The thing is I understand respecting leftists, because as wrong as they might be at least the smarter ones have a coherent ideology and are trying to achieve some kind of outcome, even if we disagree with it.
    Conservatives on the other hand, have no principles, no coherent political ideology and no endgame.
    When was the last time you read a smarter Conservative like Mark Steyn or Ben Shapiro write about individual rights or rights protecting government or even mention capitalism? And when they do mention capitalism its very halfhearted and unpersuasive because its impossible to make a proper case for it without reference to rights and rights protecting government, which are concepts they don’t grasp.

    Because of this, they always end up implementing the leftist agenda and often unintentionally sound like the very socialists they claim to be opposing.

    Then factor in the more crazier, religious/traditionalists wing of the Conservative movement and you can imagine how many otherwise good people are pushed into the arms of the “the left”, terrified of the prospect that Conservatism represents an alternative. For example, I think this is why Silicon Valley is so overwhelmingly Democrat. If you don’t know anything about politics and you look at these two movements, both of them are big government and left wing that want to regulate you, but one sides presidential candidates don’t believe in evolution to a man. Holy smokes.

    So I think not only do Conservatives not have a coherent enough set of ideas to be in politics in the first place, they do enormous damage to the political discourse overall and deserve absolutely no respect.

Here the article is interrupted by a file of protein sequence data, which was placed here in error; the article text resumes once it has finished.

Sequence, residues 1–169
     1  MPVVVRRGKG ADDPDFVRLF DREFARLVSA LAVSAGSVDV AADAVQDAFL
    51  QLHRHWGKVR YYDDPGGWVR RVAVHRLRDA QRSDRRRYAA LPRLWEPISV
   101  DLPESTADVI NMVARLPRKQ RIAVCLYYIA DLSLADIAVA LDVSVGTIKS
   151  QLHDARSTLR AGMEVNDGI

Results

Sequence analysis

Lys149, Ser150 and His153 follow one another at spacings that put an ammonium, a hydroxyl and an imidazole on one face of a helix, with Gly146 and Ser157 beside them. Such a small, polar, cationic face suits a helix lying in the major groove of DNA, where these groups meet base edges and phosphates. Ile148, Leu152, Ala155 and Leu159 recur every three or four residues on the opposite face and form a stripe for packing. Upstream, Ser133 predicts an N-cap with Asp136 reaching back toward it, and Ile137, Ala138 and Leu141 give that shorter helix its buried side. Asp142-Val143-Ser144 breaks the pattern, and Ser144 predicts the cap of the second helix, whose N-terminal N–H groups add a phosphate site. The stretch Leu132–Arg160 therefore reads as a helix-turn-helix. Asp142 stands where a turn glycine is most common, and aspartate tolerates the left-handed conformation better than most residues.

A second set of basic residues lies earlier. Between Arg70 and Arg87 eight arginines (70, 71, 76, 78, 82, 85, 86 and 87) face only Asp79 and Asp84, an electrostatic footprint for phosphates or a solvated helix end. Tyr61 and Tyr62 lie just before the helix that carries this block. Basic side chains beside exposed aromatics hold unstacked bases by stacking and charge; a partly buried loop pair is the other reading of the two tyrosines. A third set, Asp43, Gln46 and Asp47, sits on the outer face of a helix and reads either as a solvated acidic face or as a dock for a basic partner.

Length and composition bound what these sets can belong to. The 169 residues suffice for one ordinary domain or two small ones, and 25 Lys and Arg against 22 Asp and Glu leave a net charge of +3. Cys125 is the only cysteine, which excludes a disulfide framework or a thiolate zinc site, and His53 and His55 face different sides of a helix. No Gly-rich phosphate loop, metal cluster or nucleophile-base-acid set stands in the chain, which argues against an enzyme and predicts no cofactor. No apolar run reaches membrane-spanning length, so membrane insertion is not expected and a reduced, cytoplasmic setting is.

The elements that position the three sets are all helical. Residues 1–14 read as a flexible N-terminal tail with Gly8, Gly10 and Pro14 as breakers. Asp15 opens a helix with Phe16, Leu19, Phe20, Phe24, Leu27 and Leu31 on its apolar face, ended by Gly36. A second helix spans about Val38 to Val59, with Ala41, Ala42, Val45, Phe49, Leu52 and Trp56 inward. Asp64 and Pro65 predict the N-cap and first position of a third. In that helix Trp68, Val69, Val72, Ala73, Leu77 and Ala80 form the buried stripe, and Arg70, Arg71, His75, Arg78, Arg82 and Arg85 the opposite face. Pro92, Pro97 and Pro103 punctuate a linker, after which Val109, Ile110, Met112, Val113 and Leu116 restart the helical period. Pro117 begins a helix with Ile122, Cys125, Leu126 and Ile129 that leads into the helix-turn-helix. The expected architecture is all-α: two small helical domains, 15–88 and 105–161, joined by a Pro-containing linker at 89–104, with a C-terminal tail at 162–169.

Conservatives are to politics what Keynesian’s are to economics or what alchemists are to chemistry, they are just incompetent, have zero grasp of the fundamentals and have no business talking about the subject.

  110. Empire GTHO Phase III

    I would also add Empire, it was the Conservative Howard government in Australia that actually instigated a forced gun buy back in 1996.

    But apparently they’re not leftists.

    Gee, I didn’t know that. Thanks for learning me.

    I’ve been laying the boots in to the Chief Library Monitor on this blog for years because I don’t like his eyebrows.

  111. Empire GTHO Phase III

    LOL shuddup Dover. You don’t know anything about philosophy or politics and so aren’t in a position to “have plenty of time” for anyone. Also “no u!” is not a response.

    Your silliness is making me choke on my morning coffee, please stop.

    This could get entertaining.

  112. iampeter launches into a spittle-flecked diatribe about conservatives because he has no coherent theory of ‘rights’ or what they might be grounded in. I would have thought it was a fairly straightforward request to ask of someone that purports to be principled and in position of a coherent ideology to simply let us know what these rights are grounded in, but alas, no.

  113. .

    No dover, his criticisms are valid. They are not “spittle-flecked” and you should lay off the hyperbole.

    If he doesn’t have a theory of rights, so what? Utilitarianism is good enough. You don’t need to have a theory of rights to argue you have rights at all. Would you want an appeals court stripping your rights away because the prosecution knew more about Alenikoff, Goldstein or Bentham?

    The proportion of the population who could robustly argue a thesis over what rights they have and please religious conservatives and libertarians let alone any other less compatible ideology could fill up a comments section on a less popular post on this blog.

    Utilitarianism is good enough. Voting conservative has been counterproductive for at least 40 years in this country.

  114. Dot, he doesn’t need you to chaperon him. Utilitarianism is certainly not good enough, certainly not for Bentham who called rights ‘nonsense on stilts’, nor for contemporary utilitarians like Singer who considers them nothing more than a ‘convenient political shorthand’.